Yearning and Trane

Yesterday I watched Chasing Trane, a documentary on jazz luminary John Coltrane. (I mentioned Coltrane my introduction to Coltrane in my tribute to Dr. Ray Smith.)

The documentary is a perfectly acceptable review of a fascinating life. And what really struck me was Coltrane’s spirituality. He was a religious seeker and, like Bach, he sought to elevate his listeners through his music, to bring us closer to the transcendent and the Divine.

And his approach toward religious transcendence is nowhere as explicit as in his suite “A Love Supreme.” (Jason K. wrote about “A Love Supreme” in a Mormon Lectionary Project post seven years ago.)

“A Love Supreme” is a different approach to religion than we as Mormons usually take, in our music or in our rhetoric. Our hymns are generally composed in four-part harmony with classic voice-leading. The lyrics comfort. The harmonies and melodies are familiar and comfortable. Any dissonance ultimately resolves.

“A Love Supreme,” by contrast, is yearning, seeking. It’s not messy, but it’s definitely not clean. Coltrane’s saxophone sooths and then it screams. He chants, he runs scales and patterns, he comes back to a melody, he leaves it again. He’s trying to find God and reveal God and live God. He and his band feed us questions without pretending to give answers, other than the sheer existence of a love supreme.

Anecdotally, my Mormon experience hasn’t been comfortable with the spaces Coltrane opens up. We want resolution, not only in our music, but in our questions. We want answers, which means we don’t ask the questions we can’t answer. We don’t explore, we don’t push further into the frontier of religiosity, we don’t truly challenge.

But we could! We originated with a young man asking questions he couldn’t answer! And we, too, can afford to push ourselves, push our understanding of the Divine, and sometimes live in the space between, where truth swirls, soothing and screaming. We can, in other words, sometimes live in Cotrane’s Love Supreme.

Muncharelli, CC BY-SA 3.0, via Wikimedia Commons


  1. Have you read “God’s Mind in that Music?” It’s a book by Rev. Jamie Howison, an Anglican Priest colleague of mine, here in Winnipeg. He explores the spiritual roots of Coltrane’s music.

  2. Donald, I haven’t read it yet. But now it’s on my list; thanks!

  3. Old Woman says:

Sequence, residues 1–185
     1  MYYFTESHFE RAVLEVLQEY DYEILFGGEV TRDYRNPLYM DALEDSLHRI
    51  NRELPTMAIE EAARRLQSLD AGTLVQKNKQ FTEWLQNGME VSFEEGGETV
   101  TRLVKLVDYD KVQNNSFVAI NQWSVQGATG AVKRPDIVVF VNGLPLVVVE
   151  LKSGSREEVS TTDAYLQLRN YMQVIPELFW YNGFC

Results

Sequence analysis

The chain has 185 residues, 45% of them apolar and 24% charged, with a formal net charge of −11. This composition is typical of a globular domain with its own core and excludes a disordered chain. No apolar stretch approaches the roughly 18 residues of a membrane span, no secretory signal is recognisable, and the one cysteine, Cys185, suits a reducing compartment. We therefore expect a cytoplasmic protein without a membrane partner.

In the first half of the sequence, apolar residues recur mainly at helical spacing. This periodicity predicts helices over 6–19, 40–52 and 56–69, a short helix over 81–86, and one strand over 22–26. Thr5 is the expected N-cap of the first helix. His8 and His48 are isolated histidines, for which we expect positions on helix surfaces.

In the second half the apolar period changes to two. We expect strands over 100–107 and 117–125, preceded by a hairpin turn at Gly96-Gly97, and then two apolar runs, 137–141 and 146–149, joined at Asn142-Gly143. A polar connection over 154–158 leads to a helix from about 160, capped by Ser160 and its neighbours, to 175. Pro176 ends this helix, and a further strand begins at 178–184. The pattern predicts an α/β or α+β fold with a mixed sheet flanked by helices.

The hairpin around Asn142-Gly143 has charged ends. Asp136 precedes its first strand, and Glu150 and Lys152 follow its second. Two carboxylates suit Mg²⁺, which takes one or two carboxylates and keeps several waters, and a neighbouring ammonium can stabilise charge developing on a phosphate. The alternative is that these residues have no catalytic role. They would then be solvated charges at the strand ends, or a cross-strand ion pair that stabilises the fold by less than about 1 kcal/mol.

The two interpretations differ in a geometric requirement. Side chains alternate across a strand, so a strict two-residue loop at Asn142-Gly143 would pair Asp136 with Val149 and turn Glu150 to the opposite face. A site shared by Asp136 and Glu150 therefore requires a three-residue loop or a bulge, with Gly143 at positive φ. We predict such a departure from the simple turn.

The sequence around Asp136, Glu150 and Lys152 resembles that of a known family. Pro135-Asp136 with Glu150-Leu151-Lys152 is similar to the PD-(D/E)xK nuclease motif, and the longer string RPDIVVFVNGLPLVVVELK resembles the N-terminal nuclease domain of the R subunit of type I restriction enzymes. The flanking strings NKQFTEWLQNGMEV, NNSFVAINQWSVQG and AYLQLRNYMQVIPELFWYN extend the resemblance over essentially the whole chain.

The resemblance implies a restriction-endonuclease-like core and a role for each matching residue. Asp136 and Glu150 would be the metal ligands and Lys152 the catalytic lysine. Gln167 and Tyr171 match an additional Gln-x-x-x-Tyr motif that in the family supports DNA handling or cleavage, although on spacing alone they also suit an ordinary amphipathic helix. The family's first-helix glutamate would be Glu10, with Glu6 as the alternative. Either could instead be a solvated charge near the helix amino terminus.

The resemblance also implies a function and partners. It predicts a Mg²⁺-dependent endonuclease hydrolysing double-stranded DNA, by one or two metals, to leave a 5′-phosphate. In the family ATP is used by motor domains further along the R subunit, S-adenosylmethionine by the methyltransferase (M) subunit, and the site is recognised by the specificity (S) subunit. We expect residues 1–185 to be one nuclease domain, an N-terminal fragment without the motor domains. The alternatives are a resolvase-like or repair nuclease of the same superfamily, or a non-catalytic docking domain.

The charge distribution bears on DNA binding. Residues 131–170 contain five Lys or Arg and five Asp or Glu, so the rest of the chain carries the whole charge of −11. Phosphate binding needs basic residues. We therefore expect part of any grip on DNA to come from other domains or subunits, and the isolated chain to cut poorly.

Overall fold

I was an accomplished classical pianist in my younger days. I never could develop an ear for jazz. To me it was just unending scattered music. I needed the resolutions, repeated refrains, the movements, the grand finales of classical music to give sense to the music. Likewise I have needed that from church, the rote answers of the Plan of Salvation, until I didn’t anymore. The answers no longer satisfied. I wanted so much more which released a new phase in my spiritual development, which I shall now call my religious jazz phase.I am learning to live with the unanswered questions and to face eternity without knowing the resolution. Perhaps now I can appreciate jazz. I love this post Sam. Thanks!

  4. Antonio Parr says:

    “A Love Supreme” is rivaled only by Miles Davis’ “Kind of Blue” as the greatest jazz album of all time.

  5. stephenchardy says:

    Old Woman: I hate addressing someone like that! In any case, thank you for your comment. I relate to it. However, I have never been an accomplished pianist. But my experience, and needs, are the same.

  6. Agreed, Old Woman. Thank you for your comment–I love that way of approaching religion!

  7. Bro. Jones says:

    This is an excellent post and you have directed me to a topic I need to learn much more about. Thank you!

    On a side note, I most definitely detected the “elevation emotion” at a death metal concert I attended recently. While I can objectively state that it was not what would be called “uplifting” in LDS parlance, it sure was enjoyable and exciting.

%d bloggers like this: